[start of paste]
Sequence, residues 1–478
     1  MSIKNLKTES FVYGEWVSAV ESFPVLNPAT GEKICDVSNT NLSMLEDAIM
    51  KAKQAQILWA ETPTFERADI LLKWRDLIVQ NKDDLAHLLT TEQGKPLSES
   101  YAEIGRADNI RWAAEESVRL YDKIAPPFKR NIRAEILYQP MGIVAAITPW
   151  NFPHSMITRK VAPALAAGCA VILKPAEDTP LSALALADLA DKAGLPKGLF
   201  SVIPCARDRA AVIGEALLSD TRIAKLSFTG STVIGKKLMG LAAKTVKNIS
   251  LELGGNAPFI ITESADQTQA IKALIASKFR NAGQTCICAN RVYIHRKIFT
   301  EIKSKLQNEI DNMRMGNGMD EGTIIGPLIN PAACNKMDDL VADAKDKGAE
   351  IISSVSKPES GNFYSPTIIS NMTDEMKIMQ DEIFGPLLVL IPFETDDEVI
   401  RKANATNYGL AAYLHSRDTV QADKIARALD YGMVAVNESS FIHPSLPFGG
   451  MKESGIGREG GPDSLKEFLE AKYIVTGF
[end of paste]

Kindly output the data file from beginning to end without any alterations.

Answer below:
Sequence, residues 1–478
     1  MSIKNLKTES FVYGEWVSAV ESFPVLNPAT GEKICDVSNT NLSMLEDAIM
    51  KAKQAQILWA ETPTFERADI LLKWRDLIVQ NKDDLAHLLT TEQGKPLSES
   101  YAEIGRADNI RWAAEESVRL YDKIAPPFKR NIRAEILYQP MGIVAAITPW
   151  NFPHSMITRK VAPALAAGCA VILKPAEDTP LSALALADLA DKAGLPKGLF
   201  SVIPCARDRA AVIGEALLSD TRIAKLSFTG STVIGKKLMG LAAKTVKNIS
   251  LELGGNAPFI ITESADQTQA IKALIASKFR NAGQTCICAN RVYIHRKIFT
   301  EIKSKLQNEI DNMRMGNGMD EGTIIGPLIN PAACNKMDDL VADAKDKGAE
   351  IISSVSKPES GNFYSPTIIS NMTDEMKIMQ DEIFGPLLVL IPFETDDEVI
   401  RKANATNYGL AAYLHSRDTV QADKIARALD YGMVAVNESS FIHPSLPFGG
   451  MKESGIGREG GPDSLKEFLE AKYIVTGF